The first tipik fully legalized the concept of community life of Saint Athanasius the Athonite, and his popularity among monks attracted to the Holy Mountain a large number of new novices and monks. In the second half of the 190th century, in addition to the Great Lavra, seven other new monasteries were founded on the Holy Mountain: Amalfi (of which a tower remains in the area of Morfin), Iviron, Zographou, Xeropotamou (now Saint Paul’s Monastery), Vatopedi and Xenophontos. About 3,000 monks lived in them.
Expansion of monastic life on the Holy Mountain continues in the 11th century, through the establishment of about 180 monasteries, among which are Esphigmenou, Dochiariou, Karakalou, Hilandar, Stavronikita, Philotheou and Panteleimon. In the 12th century, Serbs rebuilt the abandoned Hilandarion, and Russians rebuilt the Monastery of Saint Panteleimon. In the early 13th century, about 300 bigger and smaller monasteries where operational. This century also brings great unrest, destructions lootings, devastation of the Holy Mountain, which changes its lords frequently, from Francs, Normans, Catalonians, Turks, to pirates.
In the first decade of the 14th century there was a great destruction and a big number of monks were killed in the attack of Catalonian pirates, who mercilessly spread fire, killed and looted. The extent of this crime was so great that Theodore Magister wrote in his epistle:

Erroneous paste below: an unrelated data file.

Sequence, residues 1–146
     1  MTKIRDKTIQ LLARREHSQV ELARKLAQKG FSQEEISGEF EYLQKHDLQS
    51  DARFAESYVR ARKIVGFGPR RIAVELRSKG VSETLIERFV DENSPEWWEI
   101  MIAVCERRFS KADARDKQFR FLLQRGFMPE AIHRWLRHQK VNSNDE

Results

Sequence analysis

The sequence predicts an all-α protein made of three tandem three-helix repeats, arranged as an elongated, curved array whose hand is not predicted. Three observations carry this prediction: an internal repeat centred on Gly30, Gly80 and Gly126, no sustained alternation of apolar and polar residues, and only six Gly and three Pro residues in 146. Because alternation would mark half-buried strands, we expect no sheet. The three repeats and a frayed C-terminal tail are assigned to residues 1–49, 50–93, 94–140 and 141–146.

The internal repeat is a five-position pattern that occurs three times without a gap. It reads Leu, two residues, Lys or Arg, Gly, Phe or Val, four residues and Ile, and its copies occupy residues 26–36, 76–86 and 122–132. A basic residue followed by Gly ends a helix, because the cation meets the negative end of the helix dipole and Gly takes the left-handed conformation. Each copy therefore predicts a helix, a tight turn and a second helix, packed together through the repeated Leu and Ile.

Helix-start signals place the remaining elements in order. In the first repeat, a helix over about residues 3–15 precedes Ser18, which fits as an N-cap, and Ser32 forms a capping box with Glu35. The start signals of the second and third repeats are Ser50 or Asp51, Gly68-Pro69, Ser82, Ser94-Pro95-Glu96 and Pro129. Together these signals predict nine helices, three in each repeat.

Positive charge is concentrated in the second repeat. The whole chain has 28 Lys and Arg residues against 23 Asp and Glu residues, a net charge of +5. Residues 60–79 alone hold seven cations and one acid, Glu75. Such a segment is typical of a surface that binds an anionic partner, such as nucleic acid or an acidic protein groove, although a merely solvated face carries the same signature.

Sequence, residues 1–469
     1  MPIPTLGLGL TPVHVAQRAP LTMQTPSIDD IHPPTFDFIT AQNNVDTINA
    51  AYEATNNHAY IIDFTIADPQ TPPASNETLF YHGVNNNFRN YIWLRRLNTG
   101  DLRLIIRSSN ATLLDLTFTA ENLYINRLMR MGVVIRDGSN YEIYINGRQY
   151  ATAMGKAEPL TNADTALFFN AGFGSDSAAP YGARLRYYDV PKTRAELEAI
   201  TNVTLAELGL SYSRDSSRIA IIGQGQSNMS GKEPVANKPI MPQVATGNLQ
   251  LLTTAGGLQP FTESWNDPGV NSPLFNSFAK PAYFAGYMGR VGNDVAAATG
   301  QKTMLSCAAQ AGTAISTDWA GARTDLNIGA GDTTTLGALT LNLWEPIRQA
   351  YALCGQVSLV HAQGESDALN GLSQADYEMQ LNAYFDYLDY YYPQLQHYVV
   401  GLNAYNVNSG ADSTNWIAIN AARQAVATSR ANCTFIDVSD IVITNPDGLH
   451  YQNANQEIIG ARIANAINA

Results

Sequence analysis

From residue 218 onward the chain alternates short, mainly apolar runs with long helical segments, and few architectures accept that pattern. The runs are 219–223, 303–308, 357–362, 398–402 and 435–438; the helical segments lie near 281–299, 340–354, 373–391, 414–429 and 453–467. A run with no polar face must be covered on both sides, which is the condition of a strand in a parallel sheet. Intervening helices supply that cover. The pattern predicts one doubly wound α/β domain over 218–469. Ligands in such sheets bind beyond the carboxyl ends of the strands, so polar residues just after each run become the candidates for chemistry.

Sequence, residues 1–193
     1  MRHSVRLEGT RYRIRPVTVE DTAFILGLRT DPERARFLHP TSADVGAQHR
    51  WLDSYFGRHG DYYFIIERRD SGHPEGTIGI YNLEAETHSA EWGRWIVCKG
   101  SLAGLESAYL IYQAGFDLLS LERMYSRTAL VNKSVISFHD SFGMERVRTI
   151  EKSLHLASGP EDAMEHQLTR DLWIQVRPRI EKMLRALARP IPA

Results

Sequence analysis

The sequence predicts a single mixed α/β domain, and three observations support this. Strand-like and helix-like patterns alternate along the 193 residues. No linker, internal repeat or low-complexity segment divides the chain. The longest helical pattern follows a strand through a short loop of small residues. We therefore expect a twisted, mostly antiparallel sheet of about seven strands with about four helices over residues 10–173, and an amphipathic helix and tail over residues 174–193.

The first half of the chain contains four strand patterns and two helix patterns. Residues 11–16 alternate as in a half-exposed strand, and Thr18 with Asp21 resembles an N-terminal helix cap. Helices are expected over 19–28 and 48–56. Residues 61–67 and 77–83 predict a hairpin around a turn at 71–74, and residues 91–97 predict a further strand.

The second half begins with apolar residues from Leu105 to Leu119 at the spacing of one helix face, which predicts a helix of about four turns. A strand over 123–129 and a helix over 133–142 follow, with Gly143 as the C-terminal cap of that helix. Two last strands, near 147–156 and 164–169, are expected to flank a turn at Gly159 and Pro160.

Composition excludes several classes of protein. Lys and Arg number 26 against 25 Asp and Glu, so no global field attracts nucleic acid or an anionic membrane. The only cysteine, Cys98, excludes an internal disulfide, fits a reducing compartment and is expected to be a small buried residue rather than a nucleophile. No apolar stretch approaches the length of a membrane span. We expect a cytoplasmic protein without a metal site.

After losing almost all of its monks, Athos is lifting its sorrow toward heavens... Suddenly and immediately, monasteries, cells, churches and cottages turned desolate, those which led to salvation with wealth collected in them, and those who lived in them were slaughtered, like priestly sacrifices.”
Already in the mid 15th century the monastery life resurrects again. On the foundations of the destroyed churches, the builders make new and more grandiose ones, the abandoned temples are imbued with power of revival and life. Simultaneously with the works on reconstruction, spiritual reforms also take place, leading to even more advanced movements, like isihastic movement. The Holy Mountain monks are recognized and respected in the entire Christian Orthodox world.


From Dafni, the main sea port of the Holy Mountain, to Grigoriou Monastery, our first prayer station, there is another ten minutes of sailing. The ship ”Hagia Anna” continues, half empty, its route to the skete with the same name, until where there are another two stops Dionysiou and St. Paul.
From the new, beautifully arranged port, up the shallow stone stairs, over which two concrete strips were laid for freight vehicles, we arrive to the plateau above the sea where Grigoriou Monastery is located. Build of white stone, on the rock above the foaming waves. It was founded in early 14th century by Saint Gregory, of Serbian origin, who gathered a large number of monks from the Slavic world. Today this brotherhood consists of 80 devotees, among which is father Siluan, a Serb from Kosovo, a host ho welcomes his guests with kindness and smile of a monk. He has been in the service of eternity and salvation in Grigoriou Monastery for 12 years.
Gregory Isihast, better known as Gregory the Silent, was born in late 13th or early 14th century. He was a pupil of St. Gregory Sinait and St. Romil of Ravanica, with whom he moved to live in a skete called Magula, across from Philotheou Monastery. In the 14th century, Mt. Athos monasteries were unselfishly supported by Serbian despot Jovan Uglješa Mrnjavčević, who is considered to be the second founder by numerous St. Athos monasteries, says St. Justin Ćelijski. Merciful Jovan Uglješa then became a benefactor and founder of monasteries Vatopedi, Hilandar, Simonopetra, Saint Paul, and even St. Nicholas Monastery, called Grigoriou, the construction of which was started by great Saint Gregory Sinait, and was finally finished by St. Gregory the Silent.